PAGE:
Sheriff busted on federal drug charges, faces life in prison

Saturday morning, FBI, SLED and the Florence County Sheriff's Office arrested Lee County Sheriff, EJ Melvin, and six others on federal drug conspiracy charges.

Melvin is charged with conspiracy since 2006 to possess with intent to distribute five kilograms or more of cocaine and 50 grams or more of crack cocaine in South Carolina.

Acting U.S. Attorney Kevin F. McDonald, Special Agent in Charge of the FBI David Thomas, and SLED Director Reggie Lloyd said federal and state agents arrested Sheriff "E.J." Melvin, 47, Brenda LaShawn Ellerby, 26, Antonio Holloman, 23, Larry Williams, 51, Eric Andre Hickman, 34, Anthony Lee Williams, 37, and Sheldon Maurice Bradley, 24, all of Bishopville.

The federal arrest warrants were issued earlier this week under seal and will remain sealed until the defendants make an initial appearance in federal court in Columbia on Monday. Because the matter is sealed, officials said no further information concerning the case will be made available until the seal is lifted.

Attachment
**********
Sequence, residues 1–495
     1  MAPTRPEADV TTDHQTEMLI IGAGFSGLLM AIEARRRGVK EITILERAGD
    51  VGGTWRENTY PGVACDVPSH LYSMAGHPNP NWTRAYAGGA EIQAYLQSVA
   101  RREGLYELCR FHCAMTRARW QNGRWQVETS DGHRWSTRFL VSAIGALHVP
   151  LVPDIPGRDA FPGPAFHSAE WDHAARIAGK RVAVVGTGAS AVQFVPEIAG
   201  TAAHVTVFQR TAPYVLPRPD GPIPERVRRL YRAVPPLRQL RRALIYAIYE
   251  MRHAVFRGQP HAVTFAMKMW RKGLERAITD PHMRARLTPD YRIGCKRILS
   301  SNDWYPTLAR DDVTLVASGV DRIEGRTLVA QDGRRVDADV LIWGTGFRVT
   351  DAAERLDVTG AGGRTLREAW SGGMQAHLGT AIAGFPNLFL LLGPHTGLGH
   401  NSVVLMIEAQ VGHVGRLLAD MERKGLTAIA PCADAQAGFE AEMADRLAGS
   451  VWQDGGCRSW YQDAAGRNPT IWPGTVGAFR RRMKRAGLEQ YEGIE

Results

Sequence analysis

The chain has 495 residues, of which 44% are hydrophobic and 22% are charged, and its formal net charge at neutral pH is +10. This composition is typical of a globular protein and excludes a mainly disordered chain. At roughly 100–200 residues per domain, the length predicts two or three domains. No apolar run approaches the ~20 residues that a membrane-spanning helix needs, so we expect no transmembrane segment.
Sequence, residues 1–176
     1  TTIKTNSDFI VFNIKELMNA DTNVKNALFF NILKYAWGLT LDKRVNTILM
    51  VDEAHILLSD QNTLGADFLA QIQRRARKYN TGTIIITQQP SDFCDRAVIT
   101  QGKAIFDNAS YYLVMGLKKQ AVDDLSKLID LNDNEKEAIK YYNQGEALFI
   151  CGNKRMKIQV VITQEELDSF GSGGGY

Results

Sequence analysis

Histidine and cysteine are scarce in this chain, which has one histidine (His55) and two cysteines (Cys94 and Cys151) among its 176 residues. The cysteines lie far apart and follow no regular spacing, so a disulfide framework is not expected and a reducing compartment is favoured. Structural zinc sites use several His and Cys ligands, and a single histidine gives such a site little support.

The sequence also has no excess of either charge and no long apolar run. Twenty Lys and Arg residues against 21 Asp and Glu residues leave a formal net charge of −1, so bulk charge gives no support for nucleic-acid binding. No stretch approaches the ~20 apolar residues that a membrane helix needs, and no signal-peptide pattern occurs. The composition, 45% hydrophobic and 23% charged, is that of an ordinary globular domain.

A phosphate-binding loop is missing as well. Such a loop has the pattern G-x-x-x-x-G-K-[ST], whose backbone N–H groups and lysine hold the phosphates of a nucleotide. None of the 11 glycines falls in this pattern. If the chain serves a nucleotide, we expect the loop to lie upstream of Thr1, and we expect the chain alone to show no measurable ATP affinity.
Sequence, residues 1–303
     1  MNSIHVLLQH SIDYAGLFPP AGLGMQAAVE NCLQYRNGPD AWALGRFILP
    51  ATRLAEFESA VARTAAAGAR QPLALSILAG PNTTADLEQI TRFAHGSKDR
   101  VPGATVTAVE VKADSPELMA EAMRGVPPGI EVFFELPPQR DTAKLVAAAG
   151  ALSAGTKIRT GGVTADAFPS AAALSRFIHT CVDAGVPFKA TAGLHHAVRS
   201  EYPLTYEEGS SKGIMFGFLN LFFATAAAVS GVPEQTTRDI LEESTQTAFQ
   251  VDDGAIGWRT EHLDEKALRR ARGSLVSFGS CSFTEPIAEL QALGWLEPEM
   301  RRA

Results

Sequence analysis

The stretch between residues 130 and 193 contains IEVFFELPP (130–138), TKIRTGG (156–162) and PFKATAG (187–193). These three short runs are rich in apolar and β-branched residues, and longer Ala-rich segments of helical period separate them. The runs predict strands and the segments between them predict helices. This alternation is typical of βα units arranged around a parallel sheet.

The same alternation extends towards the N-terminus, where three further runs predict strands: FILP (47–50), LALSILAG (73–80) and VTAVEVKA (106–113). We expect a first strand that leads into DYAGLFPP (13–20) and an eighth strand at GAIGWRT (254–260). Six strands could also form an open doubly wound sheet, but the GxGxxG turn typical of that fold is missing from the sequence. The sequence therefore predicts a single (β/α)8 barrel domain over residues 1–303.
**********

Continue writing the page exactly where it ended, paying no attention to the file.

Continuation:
The maximum penalty each defendant could receive is life imprisonment and a fine of $4 million dollars. Federal statutes also call for mandatory minimum terms of imprisonment for at least ten years.

"The law-abiding people of Lee County expect their sheriff to likewise observe and uphold the law," said McDonald. "When he fails to do that, and indeed commits crimes as we have alleged in this case, the citizens are his victims. Lee County taxpayers certainly don't deserve corrupt law enforcement in exchange for their tax dollars."

"The vast majority of public officials - both elected and appointed - are honest in their work and committed to serving their fellow citizens," said Thomas. "Unfortunately, a small percentage abuse the public trust. Public corruption is different from other crimes. It does not just strike at the heart of good government - it can strike at the security of our communities and our nation. Public corruption erodes public confidence, and undermines the strength of our democracy."

"When a law enforcement officer uses his official position to advance a criminal purpose, his community suffers," said Lloyd. "We must act swiftly and decisively to remove corrupt officers, and restore the public's faith in law enforcement. SLED is committed to working with our federal partners to root out public corruption at all levels, but particularly in law enforcement."

McDonald said additional arrests are expected in the case, which was investigated by the FBI and SLED. Assistance on the arrests Saturday was provided by the Florence County Sheriff's Department. McDonald has assigned the case to Assistant U.S. Attorneys J.D. Rowell, Mark C. Moore, and Debbie Barbier of the Columbia office for prosecution.